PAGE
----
Article by J. Dean Spence
Toronto has been a leader in the fight against climate change since at least the 1990s. In 1991, Toronto became the first city to establish a municipal climate agency when city council approved the Toronto Atmosphere Fund, funded by an endowment of $23 million in land sales.
The fund has invested in various projects that have resulted in climate change-fighting businesses, including:
- Enwave Energy Corporation’s deep-water cooling system;
- AutoShare, a carsharing company with a fleet of hybrid and alternative fuel vehicles;
- Efficiency Capital Corporation, an energy-efficient retrofit company.
In fact, last year at the United Nations Climate Conference in Paris (COP21), Toronto was up for a C40 Cities Award because of the Toronto Atmosphere Fund. Also, in 2009 Toronto was the first North American city to launch a Green Roof bylaw, which legislates the construction of green roofs on all new construction—residential, commercial, and institutional—of a minimum size of 2000 sq. m. area.
Here at U of T, the University has undertaken three major retrofits of old buildings (the Medical Science Building, the OISE building, and Robarts Library), which has resulted in savings of over $2.6 million dollars yearly, and has drastically reduced our CO2 emissions, saving the University 20,545 gigajoules of energy at OISE per year.
Also at U of T, since 2011 we have been recycling flasks, petri dishes, and beakers etc. from our labs. In 2015, 30 metric tonnes of glass and plastic were saved from landfills. This recycling program is now seen as a model for other institutions.
Toronto’s track record is not perfect, however. During the 2010 civic election many Toronto newspapers ill-advisedly ran stories about the city’s so-called “war on cars” because city council spent money on improvements to public transportation and bicycle and pedestrian infrastructure.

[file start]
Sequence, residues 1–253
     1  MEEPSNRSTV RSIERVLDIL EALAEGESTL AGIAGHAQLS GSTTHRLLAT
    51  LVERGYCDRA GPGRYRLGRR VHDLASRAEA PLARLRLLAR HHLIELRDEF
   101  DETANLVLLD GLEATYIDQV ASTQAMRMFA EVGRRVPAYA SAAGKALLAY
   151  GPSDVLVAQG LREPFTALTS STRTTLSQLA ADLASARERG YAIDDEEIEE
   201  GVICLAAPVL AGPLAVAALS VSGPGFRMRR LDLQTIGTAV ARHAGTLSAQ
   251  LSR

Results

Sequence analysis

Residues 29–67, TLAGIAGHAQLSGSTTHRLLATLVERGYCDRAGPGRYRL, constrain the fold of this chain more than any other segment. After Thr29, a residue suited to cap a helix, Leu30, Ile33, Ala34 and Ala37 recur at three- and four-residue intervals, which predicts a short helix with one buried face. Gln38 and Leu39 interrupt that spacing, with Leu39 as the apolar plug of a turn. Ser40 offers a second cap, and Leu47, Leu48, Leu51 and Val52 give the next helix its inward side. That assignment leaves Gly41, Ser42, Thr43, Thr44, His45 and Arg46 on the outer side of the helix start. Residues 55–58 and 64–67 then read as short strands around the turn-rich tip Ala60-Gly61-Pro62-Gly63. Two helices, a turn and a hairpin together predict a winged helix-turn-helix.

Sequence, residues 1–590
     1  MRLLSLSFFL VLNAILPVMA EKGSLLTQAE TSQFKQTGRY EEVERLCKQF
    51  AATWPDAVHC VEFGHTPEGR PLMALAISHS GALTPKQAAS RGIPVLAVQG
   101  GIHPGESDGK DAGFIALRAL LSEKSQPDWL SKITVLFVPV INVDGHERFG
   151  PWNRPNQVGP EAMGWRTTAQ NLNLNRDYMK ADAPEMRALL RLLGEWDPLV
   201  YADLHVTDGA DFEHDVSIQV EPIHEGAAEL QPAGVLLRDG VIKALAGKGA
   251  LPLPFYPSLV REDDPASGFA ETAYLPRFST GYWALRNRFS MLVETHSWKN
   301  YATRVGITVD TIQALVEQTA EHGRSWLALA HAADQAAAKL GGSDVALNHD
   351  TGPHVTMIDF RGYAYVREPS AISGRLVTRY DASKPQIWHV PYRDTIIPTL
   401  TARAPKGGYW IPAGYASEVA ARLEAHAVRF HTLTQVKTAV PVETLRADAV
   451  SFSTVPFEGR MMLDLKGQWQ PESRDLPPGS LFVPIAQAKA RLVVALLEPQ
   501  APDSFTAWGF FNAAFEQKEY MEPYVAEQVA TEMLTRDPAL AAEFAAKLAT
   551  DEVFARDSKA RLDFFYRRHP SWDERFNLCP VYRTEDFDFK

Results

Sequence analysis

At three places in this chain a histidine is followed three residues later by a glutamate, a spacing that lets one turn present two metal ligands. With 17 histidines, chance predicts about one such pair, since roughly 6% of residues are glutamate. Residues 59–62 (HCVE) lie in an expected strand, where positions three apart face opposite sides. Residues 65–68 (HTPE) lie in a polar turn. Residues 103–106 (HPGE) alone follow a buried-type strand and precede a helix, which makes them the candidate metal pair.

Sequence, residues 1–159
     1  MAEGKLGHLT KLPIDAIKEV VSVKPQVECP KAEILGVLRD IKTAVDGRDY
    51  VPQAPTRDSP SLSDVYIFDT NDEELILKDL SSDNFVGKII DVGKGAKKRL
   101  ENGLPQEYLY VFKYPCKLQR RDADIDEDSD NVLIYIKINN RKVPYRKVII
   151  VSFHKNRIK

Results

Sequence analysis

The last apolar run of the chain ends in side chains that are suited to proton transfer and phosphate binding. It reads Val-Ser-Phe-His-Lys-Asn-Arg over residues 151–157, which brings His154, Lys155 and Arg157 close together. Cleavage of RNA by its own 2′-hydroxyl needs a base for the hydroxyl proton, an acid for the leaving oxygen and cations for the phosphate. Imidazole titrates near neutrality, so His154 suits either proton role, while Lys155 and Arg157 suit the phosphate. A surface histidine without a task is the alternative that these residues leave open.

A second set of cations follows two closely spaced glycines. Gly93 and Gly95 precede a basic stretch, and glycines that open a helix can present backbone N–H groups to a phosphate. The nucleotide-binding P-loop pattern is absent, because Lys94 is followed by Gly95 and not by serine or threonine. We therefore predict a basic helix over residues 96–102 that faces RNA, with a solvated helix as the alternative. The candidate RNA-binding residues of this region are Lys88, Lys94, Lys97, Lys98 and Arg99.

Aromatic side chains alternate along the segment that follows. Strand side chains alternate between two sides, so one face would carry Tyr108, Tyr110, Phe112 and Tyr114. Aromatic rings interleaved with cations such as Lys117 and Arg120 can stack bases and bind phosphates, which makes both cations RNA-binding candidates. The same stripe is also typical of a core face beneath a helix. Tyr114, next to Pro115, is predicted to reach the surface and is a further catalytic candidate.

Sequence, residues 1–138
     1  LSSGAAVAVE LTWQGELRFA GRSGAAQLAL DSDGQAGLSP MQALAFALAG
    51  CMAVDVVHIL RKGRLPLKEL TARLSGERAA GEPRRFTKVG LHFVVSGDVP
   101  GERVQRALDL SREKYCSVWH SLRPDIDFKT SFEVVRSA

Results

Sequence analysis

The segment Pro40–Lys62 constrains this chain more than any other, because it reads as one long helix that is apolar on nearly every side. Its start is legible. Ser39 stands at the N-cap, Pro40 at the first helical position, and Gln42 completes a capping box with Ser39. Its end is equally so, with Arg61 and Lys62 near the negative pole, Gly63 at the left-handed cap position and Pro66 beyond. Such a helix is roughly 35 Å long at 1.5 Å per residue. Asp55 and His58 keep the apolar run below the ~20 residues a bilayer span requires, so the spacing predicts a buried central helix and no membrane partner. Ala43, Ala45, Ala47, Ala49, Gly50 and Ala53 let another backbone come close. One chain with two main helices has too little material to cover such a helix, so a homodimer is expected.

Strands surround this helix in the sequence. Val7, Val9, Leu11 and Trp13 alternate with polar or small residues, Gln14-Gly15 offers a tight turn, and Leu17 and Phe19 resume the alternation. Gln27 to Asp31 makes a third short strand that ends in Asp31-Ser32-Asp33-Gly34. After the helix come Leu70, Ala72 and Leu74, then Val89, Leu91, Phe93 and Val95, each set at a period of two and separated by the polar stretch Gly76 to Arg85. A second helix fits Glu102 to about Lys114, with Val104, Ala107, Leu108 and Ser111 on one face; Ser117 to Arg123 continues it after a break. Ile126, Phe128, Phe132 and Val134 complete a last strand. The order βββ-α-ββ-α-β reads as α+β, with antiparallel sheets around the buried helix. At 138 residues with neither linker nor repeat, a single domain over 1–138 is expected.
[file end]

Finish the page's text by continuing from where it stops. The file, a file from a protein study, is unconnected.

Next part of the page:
Still, Torontonians can be proud of those earlier significant achievements. John Cartwright, President of the Toronto & York Region Labour Council, believes we can do even more. In a January 31, 2016 Star Touch column, Cartwright suggests that after COP21 the unions in numerous countries are advocating for “A Million Climate Jobs”. This slogan, he says, amounts to a framework that can be used to determine infrastructure spending for all levels of government.
David Suzuki, Ph.D. in Zoology, once humorously remarked that conventional economics is a form of brain damage because of its insistence that economic concerns should outweigh all others, including the environment. But indeed, there does not necessarily have to be a trade-off between economics and the environment when planning for our future.
Cartwright writes that Toronto could further reduce its carbon footprint in at least 6 ways:
- Expand the Better Buildings program to perform energy audits on office and apartment buildings, to secure financing for retrofits, and connect qualified contractors with clients. The same concept can apply to homes through the city’s recently adopted residential program.
- Amend the Ontario Building Code to require much stronger environmental standards. Toronto has green building criteria that should be improved and made mandatory.
- Develop model designs for zero carbon buildings to set the stage for new standards in architecture and construction.
- Increase financial support for solar installation on roofs and building facades along with high-tech storage capacity. Toronto Hydro and municipal utilities should be key players in this work, as should publicly-owned Hydro One.
- Move forward with decisive investment in public transit. The federal government needs to develop a true national transit strategy and the province needs to restore traditional levels of support for operating costs. Municipal property taxes cannot shoulder the burden of this vital work. Transit should remain publicly-owned and operated.
- Rethink how people move around on a daily basis. Urban planning should emphasize local communities where amenities are easily available within walking distance. Sprawl ought to be curtailed and suburban areas intensified. Vehicle emissions should be dramatically reduced, and systems put in place to support hybrid and electric cars.
If Toronto implements such ideas—which Cartwright admittedly says he cannot take credit for—it would surely garner us more international attention. Most importantly, however, we would create a healthier environment and a strong economy.